On bolt-on guitars, the best method of altering action is to undo the bolts and shim under the neck to pitch the neck back, the same way as a Tele action would be altered on running out of adjustment at the bridge.

It makes sense where you're not sure of pickup structure or location to check things out with the manufacturer or distributor beforehand so you don't foul up an expensive part.

The other major problem is still feedback and the most effective way of dealing with this is to damp the table. If you locate and play your worst feedback notes you will find that by touching the soundboard at particular points, you will be able to reduce feedback or cut it out nearly altogether if you press firmly.

Once you have located these points, a good lump of Blu-Tac should be stuck inside the guitar on and around these points — this will slow down response at these points, and the stuff can be simply pulled off for straight acoustic sessions.

The effect of 0.08 strings

The solution for any remaining feedback is cotton wadding (simply cotton wool between layers of light fabric available in large quantities from finish and sundries suppliers like Marrable of Waltham Cross or F. T. Morrell of Acton). Obviously, when pushing this stuff around inside a guitar, you must watch out for cables.

The usual place for intonation problems is at the nut, where open chords can sound out of tune simply because the nut action is too high and fretted strings are being bent. Nut slots must be deepened till the height of the open strings over the first fret is the same as string height over the second fret when the string is stopped at the first.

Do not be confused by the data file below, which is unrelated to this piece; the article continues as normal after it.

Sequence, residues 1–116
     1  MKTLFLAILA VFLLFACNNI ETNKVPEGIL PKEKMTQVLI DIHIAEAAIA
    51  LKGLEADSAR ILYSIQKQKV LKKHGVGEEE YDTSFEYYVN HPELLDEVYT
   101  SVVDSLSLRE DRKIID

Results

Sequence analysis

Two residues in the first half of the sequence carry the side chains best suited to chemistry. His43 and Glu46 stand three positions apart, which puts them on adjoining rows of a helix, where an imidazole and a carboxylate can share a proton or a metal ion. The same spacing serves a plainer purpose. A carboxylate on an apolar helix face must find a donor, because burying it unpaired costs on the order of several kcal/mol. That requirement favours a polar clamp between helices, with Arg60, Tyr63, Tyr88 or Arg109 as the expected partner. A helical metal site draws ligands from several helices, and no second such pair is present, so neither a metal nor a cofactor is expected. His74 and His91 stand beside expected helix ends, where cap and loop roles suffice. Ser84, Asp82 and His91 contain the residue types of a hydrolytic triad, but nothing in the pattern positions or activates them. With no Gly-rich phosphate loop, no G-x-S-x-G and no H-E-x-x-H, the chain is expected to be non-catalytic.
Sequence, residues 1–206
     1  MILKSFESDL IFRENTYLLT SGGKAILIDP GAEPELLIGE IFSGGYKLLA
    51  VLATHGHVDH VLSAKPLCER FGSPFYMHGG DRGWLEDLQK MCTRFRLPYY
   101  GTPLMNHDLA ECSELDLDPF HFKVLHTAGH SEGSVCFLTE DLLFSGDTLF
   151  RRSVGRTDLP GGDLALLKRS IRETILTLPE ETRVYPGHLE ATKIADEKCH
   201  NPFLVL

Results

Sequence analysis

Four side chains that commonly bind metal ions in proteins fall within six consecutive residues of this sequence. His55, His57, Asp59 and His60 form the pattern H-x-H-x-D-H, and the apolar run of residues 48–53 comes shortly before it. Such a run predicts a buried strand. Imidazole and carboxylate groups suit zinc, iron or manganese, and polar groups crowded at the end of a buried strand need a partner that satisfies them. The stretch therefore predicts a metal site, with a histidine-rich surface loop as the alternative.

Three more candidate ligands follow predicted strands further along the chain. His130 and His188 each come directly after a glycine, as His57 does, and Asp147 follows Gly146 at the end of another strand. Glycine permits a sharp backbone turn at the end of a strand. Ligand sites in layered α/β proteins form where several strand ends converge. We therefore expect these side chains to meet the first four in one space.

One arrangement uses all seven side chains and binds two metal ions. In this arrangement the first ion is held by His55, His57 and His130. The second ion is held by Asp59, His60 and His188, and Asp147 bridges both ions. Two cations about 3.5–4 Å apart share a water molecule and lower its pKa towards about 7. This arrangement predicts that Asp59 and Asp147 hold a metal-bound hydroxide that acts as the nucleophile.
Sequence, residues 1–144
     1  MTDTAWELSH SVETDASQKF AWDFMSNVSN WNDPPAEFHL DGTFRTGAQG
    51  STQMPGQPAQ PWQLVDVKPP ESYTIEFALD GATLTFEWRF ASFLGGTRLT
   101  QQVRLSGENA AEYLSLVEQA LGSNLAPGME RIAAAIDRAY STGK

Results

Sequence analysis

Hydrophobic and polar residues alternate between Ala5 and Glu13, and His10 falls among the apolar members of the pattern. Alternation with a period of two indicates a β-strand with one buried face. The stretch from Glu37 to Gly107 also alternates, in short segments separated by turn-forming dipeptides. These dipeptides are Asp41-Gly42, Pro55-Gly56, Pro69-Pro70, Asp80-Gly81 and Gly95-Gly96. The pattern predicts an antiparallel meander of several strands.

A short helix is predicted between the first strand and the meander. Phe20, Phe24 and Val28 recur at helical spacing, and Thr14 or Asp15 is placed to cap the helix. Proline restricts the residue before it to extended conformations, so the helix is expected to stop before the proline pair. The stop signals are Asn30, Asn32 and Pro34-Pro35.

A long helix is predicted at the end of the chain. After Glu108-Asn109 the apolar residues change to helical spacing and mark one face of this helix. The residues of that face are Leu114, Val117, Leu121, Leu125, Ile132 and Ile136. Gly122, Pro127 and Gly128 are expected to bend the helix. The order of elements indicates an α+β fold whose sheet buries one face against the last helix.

It's simple to check this against a small rule. Intonation on the 12th fret isn't too much of a problem when the action is low, but on straight saddles, a judicious bit of filing to move the string take-off point forwards or backwards may help. Generally, finger pressure or a bend will take care of inaccuracies.

Tuning distortion from capos is tricky on gauges this light — so far I've been okay with a Heriba nylon job, and on low fret bead it's okay with a Wilkerson. I've found that Dunlops and Picker's Pals require a bit of retuning. Does anyone still use the Hamilton Cadillac bumpers?

Technique? You play it like an electric. That actually sounds simpler than it is — there is a residual psychological quirk. I found that where I had bags of extra volume available via a volume pedal before feedback, I hit the strings harder rather than put my foot down — it took a couple of gigs and a few busted trebles before I got over it but it freed up the traumatised right wellie.

Flat-picking and rhythm work sound fine with a very light pick — too hard will force the strings off pitch, and hooking nails need to be kept down to avoid uneven picking. A light touch of compression will also take care of any string imbalance — there is a question of balancing between sensitivity and feedback involved.

Harmonics also need to be more accurate, but a compressor will help by taking up the difference in volume. Watch out for undamped bass strings when going for a high one, though.

By re-stringing in this way, the changeover problem between electric and acoustic is virtually eliminated — one lot of practice serves equally for both guitars and a day spent on acoustic doesn't foul up an evening on electric, and vice versa.

Also, it's rather nice to toddle off, troubadour-like, to a gig without being weighed down by half a ton of amps, pedals, leads, plugboards, etc.

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One Two Testing - Copyright: IPC Magazines Ltd, Northern & Shell Ltd.


One Two Testing - Dec 1982

Feature by Adrian Legg